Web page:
The truth is that we have received a very good reception. They have been an important part of multiple processes, not only in the diffusion through blogs and videos, but also in the development itself. How? By asking for features and improvements, reporting bugs, generating discussions, helping in the design and prioritization of features, sharing content in the discord channel, and sending pull requests with code to incorporate into the library. It is precise because of this that we continue to invest in improving the DSL. Even so, we are still looking for more collaboration from the community, so that more people get involved and get to know the solution.
Why should more people get involved? How does this innovation help quality software development?
It makes it easier to integrate performance testing into existing development pipelines on a continuous basis, promoting shift-left testing. In addition, it facilitates the application of knowledge, engineering, and software development concepts to the development and maintenance of JMeter performance tests.
Why did you decide to pursue JMeter DLS as an open-source contribution?
Our main goal is to try to facilitate the implementation of performance testing and bring it closer to as many people as we can to, in general, improve the quality of all the applications we develop and use on a daily basis. We seek the collaboration of the community, to co-create the best possible solution for everyone, and we think the best way to achieve this is through open source. Ultimately, we seek to give something back to the community, through code and knowledge included in the code and its documentation, in exchange for all the solutions we use on a day-to-day basis that are open source, which is the basis of so many projects we work on.
How often are new releases made and what do the changes consist of?
We don’t have a stable release cycle, we release features and bug fixes as soon as they become available. On average, we make one release per week, but there are weeks with several releases and others with no releases. We focus on implementing features that demonstrate a need from users and based on these requests. We have many ideas in our backlog of things that we think could be interesting to implement, but we prefer in most cases to wait for users to report their needs. We base a lot of our releases on these requests.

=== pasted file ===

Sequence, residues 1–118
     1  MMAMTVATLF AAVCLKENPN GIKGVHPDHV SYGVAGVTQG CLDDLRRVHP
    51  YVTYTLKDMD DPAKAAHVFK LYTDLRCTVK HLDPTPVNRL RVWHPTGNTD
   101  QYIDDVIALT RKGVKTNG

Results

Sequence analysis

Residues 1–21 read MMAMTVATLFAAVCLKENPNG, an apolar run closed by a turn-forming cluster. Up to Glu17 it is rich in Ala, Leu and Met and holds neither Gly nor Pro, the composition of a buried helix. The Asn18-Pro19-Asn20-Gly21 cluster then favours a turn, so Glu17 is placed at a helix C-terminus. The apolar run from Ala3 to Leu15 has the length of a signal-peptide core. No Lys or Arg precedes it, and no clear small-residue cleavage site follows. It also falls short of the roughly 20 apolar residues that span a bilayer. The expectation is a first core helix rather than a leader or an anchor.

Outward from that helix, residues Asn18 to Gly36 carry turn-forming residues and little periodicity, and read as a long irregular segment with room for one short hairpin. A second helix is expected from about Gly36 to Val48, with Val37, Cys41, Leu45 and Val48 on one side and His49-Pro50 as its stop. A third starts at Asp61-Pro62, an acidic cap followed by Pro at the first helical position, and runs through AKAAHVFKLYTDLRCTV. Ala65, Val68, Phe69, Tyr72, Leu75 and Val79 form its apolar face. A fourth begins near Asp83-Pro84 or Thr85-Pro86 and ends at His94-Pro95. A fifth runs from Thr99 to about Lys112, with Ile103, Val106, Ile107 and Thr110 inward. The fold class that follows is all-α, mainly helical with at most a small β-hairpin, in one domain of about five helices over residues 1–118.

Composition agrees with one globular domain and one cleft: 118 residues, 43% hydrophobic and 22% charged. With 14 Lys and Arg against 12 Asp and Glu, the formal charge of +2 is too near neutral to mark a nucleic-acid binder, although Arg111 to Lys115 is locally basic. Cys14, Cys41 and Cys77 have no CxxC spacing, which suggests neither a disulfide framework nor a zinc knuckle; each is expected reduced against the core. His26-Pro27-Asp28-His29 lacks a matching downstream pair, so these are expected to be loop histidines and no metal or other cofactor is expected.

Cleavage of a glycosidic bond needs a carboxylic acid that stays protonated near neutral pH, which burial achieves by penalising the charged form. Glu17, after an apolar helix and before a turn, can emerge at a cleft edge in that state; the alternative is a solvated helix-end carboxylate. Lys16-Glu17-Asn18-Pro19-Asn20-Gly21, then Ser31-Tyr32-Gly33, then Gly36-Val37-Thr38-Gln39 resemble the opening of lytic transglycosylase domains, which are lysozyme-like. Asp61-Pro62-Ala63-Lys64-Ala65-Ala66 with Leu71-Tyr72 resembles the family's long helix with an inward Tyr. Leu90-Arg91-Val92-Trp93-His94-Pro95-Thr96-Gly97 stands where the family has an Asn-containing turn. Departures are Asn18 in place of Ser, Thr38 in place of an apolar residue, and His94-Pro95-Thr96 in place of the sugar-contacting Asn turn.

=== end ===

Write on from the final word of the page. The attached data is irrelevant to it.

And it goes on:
Why do you prefer to wait instead of anticipating?
Because that way we avoid overloading the tool with functionalities that may not be used as much. We prioritize users’ needs first and foremost. This allows us not only to prioritize the work and effort invested but also to document the raison d’être of each component and involve the community in the development of the tool.
By what means can users make contributions?
We always insist that users enter the repository and ask for things they consider useful or necessary. Also, we pay special attention to the stars on GitHub. We consider them as a good measure to understand how much interest there is from the community in the tool, as well as to promote the visibility of the project.
What are the expectations for the future with JMeter DSL?
We expect it to be the main alternative for performance testing from code, one of the fundamental components in the stack of tools associated with JMeter, and the main alternative to JMeter’s graphical interface (which we consider to be a very good alternative for many users).
Does JMeter DSL provide Abstracta with any economic benefits?
No. The main reason for Abstracta to invest in JMeter DSL, in conjunction with other existing initiatives, is to nurture its innovative nature, which goes back to its first product, GXTest with more than 14 years in the market. And is also reflected in its spin-offs. This allows us to continue with our commitment to pour our knowledge and experience, in this case in performance and in particular in JMeter, positioning ourselves as a reference and contributing to the community by helping in the efficiency of existing processes and delivering better quality software.